Aspirating Smoke Detection — Many air sampling smoke detectors can also provide high-sensitivity detection. Some systems can be up to 1,000 times more sensitive than a standard photoelectric or ionization smoke detector and are capable of detecting byproducts of combustion in concentrations as low as 0.00046% per-foot obscuration. This type of detection provides advanced notification so facility managers or other appropriate personnel can intervene and take action before a combustion event becomes disastrous.
An aspiration system works by drawing in smoke through a network of piping via the aspirator (fan). The air sample is then passed through a filter and into the sensing chamber of the detector. Using advanced sensing technology, the detector analyzes the air sample and sends a signal of airborne smoke intensity to a remote or integrated display module and a fire detection panel, when necessary, to raise an alarm.
These detectors communicate information to a fire alarm control panel, a software management system or a building management system through relays or another interface. With some systems, E-mail updates can be sent to appropriate personnel to communicate alarm levels, urgent or minor faults, or other status conditions via relays.
The multiple warning levels of this system can trigger different responses at different stages of a fire, from controlling air conditioning to suppression release. To accommodate specific codes or environments, alarm relays can be set with 0- to 60-second delays.
For example, when it came to building Per Mar Security Services’ new $500,000 500-square-foot datacenter in Davenport, Iowa, the aspiration system was programmed to send a signal to the central station alerting of a pre-alarm condition if the aspiration unit detects an early warning alert. “It gives the early warning or very early warning depending on how you configure it and can actually check into a problem before it actually arises,” says Per Mar CIO Daniel Turner, “which absolutely is beneficial to the datacenter.”
Fire Suppression System Options
Although smoke detectors primarily alert of a fire condition, in a mission-critical facility, they may also be used to control the release of fire suppression systems. Should a fire occur, suppression systems are the next line of protection and can quickly extinguish the fire with minimal or no effect on the operation. It is important to consider the suppression system to be utilized. Now let us look more closely at the two main categories in this area: sprinkler and clean agent systems.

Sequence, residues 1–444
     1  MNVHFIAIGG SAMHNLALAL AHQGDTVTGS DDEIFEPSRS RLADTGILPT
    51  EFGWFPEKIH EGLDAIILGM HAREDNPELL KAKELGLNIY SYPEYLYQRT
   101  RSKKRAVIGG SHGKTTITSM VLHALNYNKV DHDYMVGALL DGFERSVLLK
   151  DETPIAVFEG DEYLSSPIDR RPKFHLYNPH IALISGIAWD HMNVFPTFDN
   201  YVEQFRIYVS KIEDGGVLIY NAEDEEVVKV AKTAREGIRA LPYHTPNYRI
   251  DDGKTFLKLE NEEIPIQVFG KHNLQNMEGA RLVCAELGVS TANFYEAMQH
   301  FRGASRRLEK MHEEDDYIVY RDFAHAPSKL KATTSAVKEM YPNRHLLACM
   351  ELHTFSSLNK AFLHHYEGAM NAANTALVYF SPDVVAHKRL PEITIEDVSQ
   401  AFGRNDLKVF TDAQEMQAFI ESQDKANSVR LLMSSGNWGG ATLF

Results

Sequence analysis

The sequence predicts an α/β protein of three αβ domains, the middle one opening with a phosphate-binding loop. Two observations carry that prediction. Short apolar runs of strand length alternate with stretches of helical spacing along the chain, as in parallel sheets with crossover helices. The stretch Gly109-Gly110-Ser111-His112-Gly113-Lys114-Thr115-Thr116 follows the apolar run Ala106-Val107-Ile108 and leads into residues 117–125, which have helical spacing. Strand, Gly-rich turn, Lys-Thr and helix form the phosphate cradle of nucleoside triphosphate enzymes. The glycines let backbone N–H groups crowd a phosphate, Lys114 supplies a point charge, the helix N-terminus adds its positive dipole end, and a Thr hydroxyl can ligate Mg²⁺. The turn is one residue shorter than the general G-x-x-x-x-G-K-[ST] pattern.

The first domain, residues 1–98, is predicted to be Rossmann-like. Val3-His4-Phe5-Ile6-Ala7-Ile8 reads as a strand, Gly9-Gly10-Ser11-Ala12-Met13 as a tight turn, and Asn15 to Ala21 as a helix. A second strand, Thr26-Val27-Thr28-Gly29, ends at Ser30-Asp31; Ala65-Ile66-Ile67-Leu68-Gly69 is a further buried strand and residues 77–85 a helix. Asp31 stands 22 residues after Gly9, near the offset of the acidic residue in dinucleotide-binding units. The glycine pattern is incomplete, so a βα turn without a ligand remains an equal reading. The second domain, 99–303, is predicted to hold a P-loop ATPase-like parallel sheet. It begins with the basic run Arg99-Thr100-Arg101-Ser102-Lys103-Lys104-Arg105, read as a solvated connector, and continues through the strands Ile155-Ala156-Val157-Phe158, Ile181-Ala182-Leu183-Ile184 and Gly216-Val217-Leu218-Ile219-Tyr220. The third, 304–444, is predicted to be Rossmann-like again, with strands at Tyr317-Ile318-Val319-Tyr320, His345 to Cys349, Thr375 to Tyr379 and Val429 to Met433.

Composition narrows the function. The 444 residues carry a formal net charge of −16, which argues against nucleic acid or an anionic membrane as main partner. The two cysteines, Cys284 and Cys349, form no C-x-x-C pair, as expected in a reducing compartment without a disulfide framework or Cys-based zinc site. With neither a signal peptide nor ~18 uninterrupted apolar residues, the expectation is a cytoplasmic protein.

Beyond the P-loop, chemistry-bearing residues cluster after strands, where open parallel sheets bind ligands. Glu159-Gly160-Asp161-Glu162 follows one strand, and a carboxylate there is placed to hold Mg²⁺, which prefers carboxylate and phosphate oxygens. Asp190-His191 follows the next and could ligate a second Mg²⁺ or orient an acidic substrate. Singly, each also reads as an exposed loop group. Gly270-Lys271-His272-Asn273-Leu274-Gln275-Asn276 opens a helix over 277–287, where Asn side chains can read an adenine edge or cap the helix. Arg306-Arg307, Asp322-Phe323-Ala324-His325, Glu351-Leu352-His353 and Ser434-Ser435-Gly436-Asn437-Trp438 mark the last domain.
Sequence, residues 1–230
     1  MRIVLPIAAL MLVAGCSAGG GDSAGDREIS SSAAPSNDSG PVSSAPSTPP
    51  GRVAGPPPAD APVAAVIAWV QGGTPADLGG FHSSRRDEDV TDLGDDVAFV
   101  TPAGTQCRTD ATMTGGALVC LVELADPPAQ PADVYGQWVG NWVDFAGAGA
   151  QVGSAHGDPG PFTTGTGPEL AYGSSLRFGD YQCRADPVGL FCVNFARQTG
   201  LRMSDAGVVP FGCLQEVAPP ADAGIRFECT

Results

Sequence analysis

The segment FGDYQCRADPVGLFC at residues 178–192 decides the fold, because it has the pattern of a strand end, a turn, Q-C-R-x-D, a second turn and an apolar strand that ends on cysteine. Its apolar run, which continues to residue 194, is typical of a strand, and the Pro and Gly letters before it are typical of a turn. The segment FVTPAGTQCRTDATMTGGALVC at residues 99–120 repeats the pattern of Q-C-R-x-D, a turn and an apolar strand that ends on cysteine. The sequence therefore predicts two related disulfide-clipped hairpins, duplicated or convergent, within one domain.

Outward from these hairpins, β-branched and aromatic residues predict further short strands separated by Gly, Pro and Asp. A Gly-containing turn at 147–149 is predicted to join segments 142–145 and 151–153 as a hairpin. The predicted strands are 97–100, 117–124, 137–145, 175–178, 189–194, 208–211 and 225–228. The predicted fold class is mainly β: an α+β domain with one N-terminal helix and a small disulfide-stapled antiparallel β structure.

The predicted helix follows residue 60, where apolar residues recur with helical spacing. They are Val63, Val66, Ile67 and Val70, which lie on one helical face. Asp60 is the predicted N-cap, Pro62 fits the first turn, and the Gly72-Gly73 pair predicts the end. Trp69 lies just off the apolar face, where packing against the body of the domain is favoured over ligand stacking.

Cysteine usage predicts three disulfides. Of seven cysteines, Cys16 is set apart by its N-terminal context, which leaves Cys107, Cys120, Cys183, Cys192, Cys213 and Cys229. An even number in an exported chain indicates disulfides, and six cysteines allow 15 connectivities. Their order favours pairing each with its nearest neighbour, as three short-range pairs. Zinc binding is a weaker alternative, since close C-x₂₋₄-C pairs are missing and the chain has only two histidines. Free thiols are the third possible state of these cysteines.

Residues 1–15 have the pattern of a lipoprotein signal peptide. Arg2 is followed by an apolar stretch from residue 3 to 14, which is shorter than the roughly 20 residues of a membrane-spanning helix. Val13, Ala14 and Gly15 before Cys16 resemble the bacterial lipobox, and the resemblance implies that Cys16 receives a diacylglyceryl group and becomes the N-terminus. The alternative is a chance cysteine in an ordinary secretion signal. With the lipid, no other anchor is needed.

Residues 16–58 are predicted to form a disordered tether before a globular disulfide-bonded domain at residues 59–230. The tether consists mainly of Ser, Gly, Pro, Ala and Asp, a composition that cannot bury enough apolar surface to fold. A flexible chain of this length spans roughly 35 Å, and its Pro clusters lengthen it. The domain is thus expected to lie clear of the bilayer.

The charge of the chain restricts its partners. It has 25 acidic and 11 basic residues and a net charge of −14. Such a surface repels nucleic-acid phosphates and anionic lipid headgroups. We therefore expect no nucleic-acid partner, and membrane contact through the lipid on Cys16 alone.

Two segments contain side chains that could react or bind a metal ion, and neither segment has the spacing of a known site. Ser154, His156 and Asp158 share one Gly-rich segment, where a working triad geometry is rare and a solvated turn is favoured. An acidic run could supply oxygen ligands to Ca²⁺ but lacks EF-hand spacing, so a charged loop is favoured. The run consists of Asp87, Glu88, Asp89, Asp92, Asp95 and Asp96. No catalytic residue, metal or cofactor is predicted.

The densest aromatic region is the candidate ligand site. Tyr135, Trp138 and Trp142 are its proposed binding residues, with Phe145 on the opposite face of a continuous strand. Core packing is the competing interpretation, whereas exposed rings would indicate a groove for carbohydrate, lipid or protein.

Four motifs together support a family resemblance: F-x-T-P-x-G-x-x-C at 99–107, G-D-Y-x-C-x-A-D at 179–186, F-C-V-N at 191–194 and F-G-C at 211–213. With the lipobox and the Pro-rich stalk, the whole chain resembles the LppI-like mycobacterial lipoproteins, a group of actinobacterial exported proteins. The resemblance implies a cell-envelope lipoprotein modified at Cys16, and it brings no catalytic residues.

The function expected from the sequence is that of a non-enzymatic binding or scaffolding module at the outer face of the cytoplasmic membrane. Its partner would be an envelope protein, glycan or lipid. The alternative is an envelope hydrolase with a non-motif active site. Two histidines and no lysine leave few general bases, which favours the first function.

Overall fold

Sprinkler Systems — Sprinkler systems, which are designed specifically for protecting the structure of the building, can be installed in four different configurations: wet-pipe, dry-pipe, deluge and pre-action. The wet-pipe system consists of a piping system connected to a water source and filled with water so that water discharges immediately from sprinklers activated by a fire. In general, wet-pipe sprinklers are not recommended for mission-critical facilities; however, depending on local fire codes, they may be required.
A dry-pipe system is typically used in areas subject to freezing and consists of piping connected to a water source and filled with air pressure supplied by a compressor. When a sprinkler is activated, the air is expelled first, allowing a special check valve, called a dry pipe valve, to operate. This allows water to flow into the piping and out any open sprinklers. This, too, is not ideal for mission-critical facilities.
A pre-action system is more common in a mission-critical facility. “A pre-action sprinkler system is one effective alternative because of its dual action criteria,” says Ramzi Namek, director of engineering for Total Site Solutions in Columbia, Md. “The pipe remains dry until the fire detection system activates a control valve [located outside the datacenter to avoid damage from leaks], filling it with water.”
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Aspirated Smoke Detection System
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